This project appeared in The New York Times.
While acting both as designers and clients, Buzz Yudell and Tina Beebe entrusted Clay to shepard their new home through the design and construction process, from start to finish. The house became a case study in which creating a place of harmony and wonder could be totally aligned with ambitious environmental goals including working toward a net-zero energy house.
The house is shaped in section and plan to optimize convection, natural cooling, daylight, shading, and winter heat gain. The “section” of the house is extruded throughout so that every room participates in this passive design. The two-story space at the core of the house is not only environmentally critical but functions as a kind of piazza which links all the living spaces. All rooms benefit from the careful washing of daylight and the framing of the landscape. At night the same shaping allows indirect lighting to create its own nuanced environment.
In plan, the house develops as a “yin-yang” diagram with interior and exterior complementing and overlapping along a flexible boundary. This creates long diagonal views and movements on a tight urban lot. A gallery-like space links all the rooms and creates a transitional zone between inside and out.
Photovoltaic panels are designed to provide over 100% of the electric energy. Solar water panels are designed to provide radiant heat, domestic hot water and pool heating. The landscape focuses on drought-tolerant native materials, a roof garden of native grasses, and onsite water retention. Throughout the house, materials were selected for minimal environmental impact. An array of low-energy-consuming products such as LED lighting significantly reduces the energy loads. Systems are designed so that monitoring and adjustments can take places over years of inhabiting the house.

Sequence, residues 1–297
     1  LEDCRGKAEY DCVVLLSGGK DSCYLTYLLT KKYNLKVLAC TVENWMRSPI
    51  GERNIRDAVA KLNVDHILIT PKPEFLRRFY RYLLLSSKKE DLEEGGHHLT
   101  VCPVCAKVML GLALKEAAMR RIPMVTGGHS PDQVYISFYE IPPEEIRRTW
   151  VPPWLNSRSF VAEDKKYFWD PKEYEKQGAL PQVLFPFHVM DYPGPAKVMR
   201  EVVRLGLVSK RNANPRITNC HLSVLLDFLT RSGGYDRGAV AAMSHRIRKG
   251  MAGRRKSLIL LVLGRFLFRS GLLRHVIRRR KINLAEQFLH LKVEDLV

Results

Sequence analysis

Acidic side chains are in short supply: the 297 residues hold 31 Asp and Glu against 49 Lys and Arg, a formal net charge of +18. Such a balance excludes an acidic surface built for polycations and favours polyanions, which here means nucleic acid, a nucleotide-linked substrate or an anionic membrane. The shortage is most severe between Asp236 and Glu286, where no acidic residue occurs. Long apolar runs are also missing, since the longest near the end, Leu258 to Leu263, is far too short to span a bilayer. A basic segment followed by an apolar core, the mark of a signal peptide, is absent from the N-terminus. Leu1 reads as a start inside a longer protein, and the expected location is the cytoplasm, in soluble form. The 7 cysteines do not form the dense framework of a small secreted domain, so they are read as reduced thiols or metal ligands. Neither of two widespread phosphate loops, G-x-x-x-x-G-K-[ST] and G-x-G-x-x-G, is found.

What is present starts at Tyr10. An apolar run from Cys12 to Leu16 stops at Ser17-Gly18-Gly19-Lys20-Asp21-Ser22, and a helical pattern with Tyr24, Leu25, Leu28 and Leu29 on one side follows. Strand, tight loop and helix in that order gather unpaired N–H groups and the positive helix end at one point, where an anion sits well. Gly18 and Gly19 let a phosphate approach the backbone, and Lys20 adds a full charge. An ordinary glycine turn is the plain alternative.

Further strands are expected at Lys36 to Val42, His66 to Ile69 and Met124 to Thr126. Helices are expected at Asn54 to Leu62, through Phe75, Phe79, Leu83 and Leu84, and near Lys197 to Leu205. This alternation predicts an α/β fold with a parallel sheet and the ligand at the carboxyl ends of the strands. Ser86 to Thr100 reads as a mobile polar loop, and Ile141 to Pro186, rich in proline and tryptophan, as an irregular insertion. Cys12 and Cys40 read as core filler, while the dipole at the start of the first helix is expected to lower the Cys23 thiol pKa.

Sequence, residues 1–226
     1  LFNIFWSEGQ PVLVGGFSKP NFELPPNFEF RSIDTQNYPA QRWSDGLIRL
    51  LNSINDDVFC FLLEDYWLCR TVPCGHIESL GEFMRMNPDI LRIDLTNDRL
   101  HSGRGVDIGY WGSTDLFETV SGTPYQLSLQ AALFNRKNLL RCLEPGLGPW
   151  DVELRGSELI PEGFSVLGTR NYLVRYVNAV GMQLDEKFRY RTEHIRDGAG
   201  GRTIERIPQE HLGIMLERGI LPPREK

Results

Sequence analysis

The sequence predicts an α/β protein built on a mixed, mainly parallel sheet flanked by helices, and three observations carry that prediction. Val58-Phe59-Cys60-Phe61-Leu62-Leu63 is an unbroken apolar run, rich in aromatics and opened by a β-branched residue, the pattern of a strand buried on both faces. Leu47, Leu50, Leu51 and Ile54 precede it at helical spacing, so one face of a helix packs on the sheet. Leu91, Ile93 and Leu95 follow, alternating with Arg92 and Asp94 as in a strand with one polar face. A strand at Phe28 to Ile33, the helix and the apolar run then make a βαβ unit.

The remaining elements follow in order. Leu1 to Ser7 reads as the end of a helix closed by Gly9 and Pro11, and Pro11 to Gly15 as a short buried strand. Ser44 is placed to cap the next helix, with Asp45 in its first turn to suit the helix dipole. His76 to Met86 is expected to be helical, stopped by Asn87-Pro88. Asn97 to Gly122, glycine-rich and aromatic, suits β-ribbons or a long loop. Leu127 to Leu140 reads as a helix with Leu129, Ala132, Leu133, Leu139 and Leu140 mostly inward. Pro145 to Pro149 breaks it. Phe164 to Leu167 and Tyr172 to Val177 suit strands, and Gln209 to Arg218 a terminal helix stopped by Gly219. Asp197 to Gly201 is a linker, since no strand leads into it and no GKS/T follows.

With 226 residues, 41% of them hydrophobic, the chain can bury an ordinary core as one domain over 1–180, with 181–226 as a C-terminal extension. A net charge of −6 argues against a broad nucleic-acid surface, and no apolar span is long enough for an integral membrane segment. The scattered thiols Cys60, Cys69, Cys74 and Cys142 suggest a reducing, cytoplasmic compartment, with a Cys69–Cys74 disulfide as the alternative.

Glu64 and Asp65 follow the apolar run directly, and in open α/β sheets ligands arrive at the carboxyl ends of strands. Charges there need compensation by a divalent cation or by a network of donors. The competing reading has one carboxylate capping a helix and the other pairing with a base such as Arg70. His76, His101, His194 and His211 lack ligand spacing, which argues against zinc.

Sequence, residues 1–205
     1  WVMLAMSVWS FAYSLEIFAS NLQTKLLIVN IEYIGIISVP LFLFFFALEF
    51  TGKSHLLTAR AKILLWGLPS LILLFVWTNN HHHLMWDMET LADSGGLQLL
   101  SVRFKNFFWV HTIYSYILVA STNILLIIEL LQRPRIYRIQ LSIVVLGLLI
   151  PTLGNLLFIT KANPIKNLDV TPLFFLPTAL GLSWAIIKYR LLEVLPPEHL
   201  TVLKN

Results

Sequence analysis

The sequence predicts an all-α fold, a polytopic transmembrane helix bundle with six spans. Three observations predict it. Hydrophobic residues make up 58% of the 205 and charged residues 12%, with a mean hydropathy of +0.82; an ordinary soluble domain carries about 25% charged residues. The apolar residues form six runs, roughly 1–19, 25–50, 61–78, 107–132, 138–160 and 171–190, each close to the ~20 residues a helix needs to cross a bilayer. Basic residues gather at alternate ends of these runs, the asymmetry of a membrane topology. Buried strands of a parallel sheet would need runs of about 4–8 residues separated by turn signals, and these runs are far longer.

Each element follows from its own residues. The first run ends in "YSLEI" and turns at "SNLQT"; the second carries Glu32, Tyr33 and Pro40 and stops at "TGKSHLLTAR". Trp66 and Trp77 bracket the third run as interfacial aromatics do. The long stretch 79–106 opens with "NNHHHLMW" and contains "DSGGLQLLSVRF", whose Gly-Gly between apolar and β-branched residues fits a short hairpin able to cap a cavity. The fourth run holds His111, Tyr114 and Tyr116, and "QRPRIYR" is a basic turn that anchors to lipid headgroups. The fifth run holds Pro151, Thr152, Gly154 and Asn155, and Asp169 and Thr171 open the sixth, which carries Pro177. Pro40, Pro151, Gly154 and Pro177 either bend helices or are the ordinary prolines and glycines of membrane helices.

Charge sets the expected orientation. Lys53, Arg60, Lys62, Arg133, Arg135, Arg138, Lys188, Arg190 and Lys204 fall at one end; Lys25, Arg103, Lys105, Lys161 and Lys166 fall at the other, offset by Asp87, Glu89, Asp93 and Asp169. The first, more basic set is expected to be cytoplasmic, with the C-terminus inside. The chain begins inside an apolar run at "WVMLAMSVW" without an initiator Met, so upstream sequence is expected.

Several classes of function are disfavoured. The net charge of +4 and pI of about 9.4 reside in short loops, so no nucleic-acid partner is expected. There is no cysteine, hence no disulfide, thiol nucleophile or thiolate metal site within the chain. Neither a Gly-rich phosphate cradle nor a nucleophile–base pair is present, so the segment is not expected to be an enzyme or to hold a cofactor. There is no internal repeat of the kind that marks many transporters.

While designing sustainably, they found that we all could further elevate our concerns for the choreography of space, the magic of light and shadow and the harmony between building and landscape. The house is evolving with a richness and subtlety of experience, a range of transitions between inside and out and an ever-changing awareness of the magic of the natural elements.
Contributions: Canopy design, lighting, detailing, and construction administration
Contractor: Oliver Garrett Construction, Inc.
Photography: © Colins Lozada/Moore Ruble Yudell